Through the years I have amassed a plethora of different collections #collecteverything from Kid Robot Toys to model cars to vinyl records to 240sx’s, but one of the collections I am most proud of is my sneaker stash! Air Force 1’s, Air Max’s, Jordans, Lebrons, Agassi’s, Bo Jacksons, etc…the list goes on. If you follow my instagram you already know.
I can honestly say I love the smell of a fresh pair of kicks right out of the box. I can also honestly say that I am guilty of taking for granted the privilege of being able to wear, tie, walk and / or run in a new pair of sneakers. I wouldn’t know what its like not to be able to do those things, however I can “imagine” how tough it must be. I specifically quoted the word imagine because that’s what I want everyone who reads this post to do for one second, well maybe a few…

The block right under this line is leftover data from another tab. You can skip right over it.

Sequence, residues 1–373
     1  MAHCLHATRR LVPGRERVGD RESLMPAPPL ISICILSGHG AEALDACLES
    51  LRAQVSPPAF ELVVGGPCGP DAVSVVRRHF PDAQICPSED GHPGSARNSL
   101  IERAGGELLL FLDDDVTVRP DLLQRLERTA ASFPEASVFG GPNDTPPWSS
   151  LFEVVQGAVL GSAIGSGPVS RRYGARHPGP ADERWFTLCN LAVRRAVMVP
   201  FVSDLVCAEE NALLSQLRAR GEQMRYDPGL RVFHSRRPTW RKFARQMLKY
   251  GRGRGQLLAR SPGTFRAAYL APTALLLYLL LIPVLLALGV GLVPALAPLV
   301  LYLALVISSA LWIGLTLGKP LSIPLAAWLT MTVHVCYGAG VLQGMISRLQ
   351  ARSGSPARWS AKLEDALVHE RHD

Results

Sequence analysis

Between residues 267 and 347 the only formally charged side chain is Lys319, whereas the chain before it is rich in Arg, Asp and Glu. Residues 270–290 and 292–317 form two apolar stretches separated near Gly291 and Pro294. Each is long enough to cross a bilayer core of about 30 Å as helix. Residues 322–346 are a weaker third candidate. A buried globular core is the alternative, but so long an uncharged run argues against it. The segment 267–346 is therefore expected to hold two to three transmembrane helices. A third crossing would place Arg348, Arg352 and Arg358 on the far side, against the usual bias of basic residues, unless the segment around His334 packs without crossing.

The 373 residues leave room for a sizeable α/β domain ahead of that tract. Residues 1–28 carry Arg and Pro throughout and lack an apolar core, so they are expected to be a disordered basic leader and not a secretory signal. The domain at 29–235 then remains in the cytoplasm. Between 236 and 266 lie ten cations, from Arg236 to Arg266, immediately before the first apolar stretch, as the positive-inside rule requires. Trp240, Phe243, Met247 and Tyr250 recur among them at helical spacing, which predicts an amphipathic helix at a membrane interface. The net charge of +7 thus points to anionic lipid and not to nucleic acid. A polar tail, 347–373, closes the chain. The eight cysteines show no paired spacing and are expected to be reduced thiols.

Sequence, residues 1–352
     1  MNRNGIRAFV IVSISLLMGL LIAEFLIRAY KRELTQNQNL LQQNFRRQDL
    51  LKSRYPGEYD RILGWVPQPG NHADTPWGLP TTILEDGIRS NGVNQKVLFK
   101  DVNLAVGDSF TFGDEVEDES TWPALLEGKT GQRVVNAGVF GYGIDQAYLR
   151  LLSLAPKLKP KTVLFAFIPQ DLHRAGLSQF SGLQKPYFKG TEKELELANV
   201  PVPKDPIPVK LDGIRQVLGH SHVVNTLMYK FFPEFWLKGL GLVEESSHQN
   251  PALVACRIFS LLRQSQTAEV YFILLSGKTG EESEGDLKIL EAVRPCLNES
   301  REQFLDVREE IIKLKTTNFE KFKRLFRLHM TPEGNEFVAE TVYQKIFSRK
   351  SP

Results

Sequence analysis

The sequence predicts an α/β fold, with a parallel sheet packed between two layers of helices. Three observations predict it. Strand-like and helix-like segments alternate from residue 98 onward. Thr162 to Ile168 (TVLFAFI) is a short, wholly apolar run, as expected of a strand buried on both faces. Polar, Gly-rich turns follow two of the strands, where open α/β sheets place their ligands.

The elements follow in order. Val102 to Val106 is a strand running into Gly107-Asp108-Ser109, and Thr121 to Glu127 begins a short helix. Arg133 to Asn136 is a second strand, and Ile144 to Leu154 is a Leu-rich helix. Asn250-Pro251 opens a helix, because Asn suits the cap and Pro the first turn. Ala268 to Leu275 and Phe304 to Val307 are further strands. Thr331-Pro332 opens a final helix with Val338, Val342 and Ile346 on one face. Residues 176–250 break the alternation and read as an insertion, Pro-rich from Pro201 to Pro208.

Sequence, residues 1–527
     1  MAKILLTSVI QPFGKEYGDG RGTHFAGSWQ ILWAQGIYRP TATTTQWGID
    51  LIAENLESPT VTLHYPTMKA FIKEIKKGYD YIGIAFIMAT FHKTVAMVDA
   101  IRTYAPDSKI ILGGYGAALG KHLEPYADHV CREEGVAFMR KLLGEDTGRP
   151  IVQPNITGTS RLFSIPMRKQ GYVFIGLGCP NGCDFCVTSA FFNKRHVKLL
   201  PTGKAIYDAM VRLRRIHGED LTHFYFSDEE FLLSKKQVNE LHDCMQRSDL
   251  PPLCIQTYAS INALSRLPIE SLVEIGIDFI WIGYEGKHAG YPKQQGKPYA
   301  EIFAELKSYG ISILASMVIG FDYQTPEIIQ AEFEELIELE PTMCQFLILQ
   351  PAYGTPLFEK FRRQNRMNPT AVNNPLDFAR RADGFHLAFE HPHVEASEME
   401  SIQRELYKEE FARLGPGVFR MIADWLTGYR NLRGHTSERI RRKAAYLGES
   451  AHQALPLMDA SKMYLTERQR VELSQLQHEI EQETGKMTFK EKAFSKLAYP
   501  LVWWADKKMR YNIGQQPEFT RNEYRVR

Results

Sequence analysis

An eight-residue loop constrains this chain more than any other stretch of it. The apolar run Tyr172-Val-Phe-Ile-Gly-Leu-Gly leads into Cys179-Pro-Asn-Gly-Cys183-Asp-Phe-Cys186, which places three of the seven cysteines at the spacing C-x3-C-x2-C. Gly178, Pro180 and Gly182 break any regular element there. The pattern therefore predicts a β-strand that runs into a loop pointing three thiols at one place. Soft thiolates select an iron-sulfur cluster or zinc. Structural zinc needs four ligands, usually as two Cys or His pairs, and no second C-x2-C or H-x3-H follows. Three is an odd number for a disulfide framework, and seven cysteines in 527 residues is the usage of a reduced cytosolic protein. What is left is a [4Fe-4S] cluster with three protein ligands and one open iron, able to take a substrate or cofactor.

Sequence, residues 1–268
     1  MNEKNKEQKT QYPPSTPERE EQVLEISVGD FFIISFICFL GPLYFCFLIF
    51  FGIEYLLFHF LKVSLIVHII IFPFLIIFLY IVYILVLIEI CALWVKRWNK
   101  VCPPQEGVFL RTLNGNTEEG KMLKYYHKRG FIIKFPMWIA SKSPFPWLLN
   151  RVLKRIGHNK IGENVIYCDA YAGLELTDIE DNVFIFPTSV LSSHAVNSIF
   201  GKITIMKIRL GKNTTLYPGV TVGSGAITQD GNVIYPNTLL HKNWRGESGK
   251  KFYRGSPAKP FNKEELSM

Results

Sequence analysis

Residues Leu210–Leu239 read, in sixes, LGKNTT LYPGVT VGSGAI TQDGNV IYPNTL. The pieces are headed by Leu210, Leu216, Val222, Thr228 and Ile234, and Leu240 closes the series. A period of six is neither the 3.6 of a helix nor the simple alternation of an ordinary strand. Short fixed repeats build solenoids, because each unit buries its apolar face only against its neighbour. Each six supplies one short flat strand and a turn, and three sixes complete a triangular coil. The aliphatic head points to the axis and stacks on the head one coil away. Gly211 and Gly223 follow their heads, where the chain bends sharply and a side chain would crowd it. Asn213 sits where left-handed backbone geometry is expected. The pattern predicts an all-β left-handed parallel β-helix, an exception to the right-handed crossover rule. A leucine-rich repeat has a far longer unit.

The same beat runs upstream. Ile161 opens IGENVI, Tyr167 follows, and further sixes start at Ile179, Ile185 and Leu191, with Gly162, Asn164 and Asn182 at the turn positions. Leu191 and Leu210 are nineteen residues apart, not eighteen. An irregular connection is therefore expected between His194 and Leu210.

Imagine how hard it must be to not be able to tie a pair of sneakers.
Imagine how hard it must be to watch everyone rock the latest drops and you can’t without assistance.
Imagine how hard it is not to be able to have a 9 to 5 that allows you the liberty to afford a new pair of the latest & greatest.
That would hurt…


I am happy that Nike has finally awarded and recognized people with physical disadvantages the respect of saying, they care…This is a major milestone for sneaker culture, and athletics in general!
Props to Matthew Walzer—a 16-year-old junior from Parkland, Florida who sent Mark Parker (Nike Chief Executive Officer) a letter in 2012, he has cerebral palsy. He wanted to go to college and be able to tie his own shoes, and now thanks to Nike he will now be able to do so!

On a side note…don’t take anything for granted! Live, Love, Laugh, and be grateful for what you have!


ohhhh, and by the way Matt Walzer if by chance you do read this, if and when you run into Lebron again could you please let him know that I think he would look great in a Knick’s uniform!